A School District In BC Said That COVID-19 Contact Tracing Is 'Not Sustainable' Anymore

Schools return on Monday.

A School District In BC Said That COVID-19 Contact Tracing Is 'Not Sustainable' Anymore

Parents in a B.C. school district were told that COVID-19 contact tracing is "not sustainable" in schools anymore, with the Omicron variant.

Schools in B.C. are reopening on Monday, January 10, after a delayed start due to the spread of the variant.

The Vernon School District told parents in a statement that was posted to their website that schools in the area will not be contact tracing or providing exposure notifications for COVID-19 now.

In the statement, the school district wished everyone a happy New Year, and said that they hope parents "are ready to face the new challenges that are in front of us – in particular, the new COVID 19 variant, Omicron."

The statement had a question and answer section, to keep the parents up to date on the different measures being taken.

One question was: "Will there still be contact tracing and notifications if there are exposures?"

The answer was no.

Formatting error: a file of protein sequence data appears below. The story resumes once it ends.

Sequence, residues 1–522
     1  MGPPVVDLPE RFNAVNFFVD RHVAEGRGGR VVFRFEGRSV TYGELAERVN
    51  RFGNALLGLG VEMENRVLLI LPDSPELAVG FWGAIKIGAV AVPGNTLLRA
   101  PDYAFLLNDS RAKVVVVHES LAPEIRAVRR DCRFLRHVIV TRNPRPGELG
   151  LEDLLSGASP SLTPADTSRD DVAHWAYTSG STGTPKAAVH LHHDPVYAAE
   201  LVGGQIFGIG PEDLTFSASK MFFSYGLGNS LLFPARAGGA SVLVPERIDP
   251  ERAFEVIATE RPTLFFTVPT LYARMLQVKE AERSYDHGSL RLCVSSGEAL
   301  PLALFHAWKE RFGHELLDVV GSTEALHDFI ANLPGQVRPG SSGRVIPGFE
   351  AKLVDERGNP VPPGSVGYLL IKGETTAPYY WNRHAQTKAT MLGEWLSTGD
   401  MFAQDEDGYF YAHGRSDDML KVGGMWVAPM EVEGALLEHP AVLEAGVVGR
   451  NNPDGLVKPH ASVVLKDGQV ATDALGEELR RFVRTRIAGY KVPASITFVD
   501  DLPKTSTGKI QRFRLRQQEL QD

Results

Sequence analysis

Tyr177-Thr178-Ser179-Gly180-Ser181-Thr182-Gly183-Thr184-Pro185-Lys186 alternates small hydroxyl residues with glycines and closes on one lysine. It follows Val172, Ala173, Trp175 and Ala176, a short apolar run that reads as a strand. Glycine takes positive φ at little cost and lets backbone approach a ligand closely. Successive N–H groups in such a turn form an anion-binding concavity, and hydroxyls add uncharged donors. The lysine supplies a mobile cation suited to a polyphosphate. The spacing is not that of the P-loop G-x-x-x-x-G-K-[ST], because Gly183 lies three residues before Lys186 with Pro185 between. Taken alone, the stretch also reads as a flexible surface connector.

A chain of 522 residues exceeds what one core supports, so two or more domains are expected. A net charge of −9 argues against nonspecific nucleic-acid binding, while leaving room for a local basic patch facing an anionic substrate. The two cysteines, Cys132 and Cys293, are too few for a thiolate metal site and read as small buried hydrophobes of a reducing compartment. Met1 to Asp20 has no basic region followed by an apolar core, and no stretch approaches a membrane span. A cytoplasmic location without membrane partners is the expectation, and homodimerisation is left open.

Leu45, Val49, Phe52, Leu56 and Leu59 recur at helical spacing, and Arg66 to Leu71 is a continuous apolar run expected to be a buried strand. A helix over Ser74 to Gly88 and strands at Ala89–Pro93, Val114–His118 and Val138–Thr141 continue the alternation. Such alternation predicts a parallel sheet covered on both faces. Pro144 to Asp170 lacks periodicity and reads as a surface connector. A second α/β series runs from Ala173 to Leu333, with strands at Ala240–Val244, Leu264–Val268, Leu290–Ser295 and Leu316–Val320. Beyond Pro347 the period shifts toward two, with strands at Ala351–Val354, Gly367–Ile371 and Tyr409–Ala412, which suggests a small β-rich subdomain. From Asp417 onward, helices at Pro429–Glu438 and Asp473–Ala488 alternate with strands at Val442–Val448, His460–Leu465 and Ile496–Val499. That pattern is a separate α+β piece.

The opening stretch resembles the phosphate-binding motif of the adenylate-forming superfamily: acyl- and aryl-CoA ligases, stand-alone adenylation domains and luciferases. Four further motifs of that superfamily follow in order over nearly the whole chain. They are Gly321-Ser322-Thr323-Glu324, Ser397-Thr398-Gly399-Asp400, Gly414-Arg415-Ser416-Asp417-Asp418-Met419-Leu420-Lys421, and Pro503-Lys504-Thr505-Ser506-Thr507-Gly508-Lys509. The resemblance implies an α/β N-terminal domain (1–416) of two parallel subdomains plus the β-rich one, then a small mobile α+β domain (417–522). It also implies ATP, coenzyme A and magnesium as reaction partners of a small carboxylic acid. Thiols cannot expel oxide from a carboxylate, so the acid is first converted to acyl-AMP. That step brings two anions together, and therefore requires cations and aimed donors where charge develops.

"This is not sustainable. The situation is no longer the same. Many more people will get the new variant. The good news is that most people are now protected from serious illness through vaccination," the statement added.

The statement also said that extracurricular sports tournaments are not continuing, daily health checks are continuing, and children must wear a mask.

At a press conference on Tuesday, Dr. Bonnie Henry said that keeping schools open is a high priority, and that they are "are not a major source of transmission."

She also said that schools were tasked to create plans for how they will continue to operate in the upcoming months "with the potential for reduced staff and keeping children safely in school."

This article's cover image was used for illustrative purposes only.

Morgan Leet
Morgan Leet is the Travel Editor for Narcity Media focused and is based in Vancouver, B.C.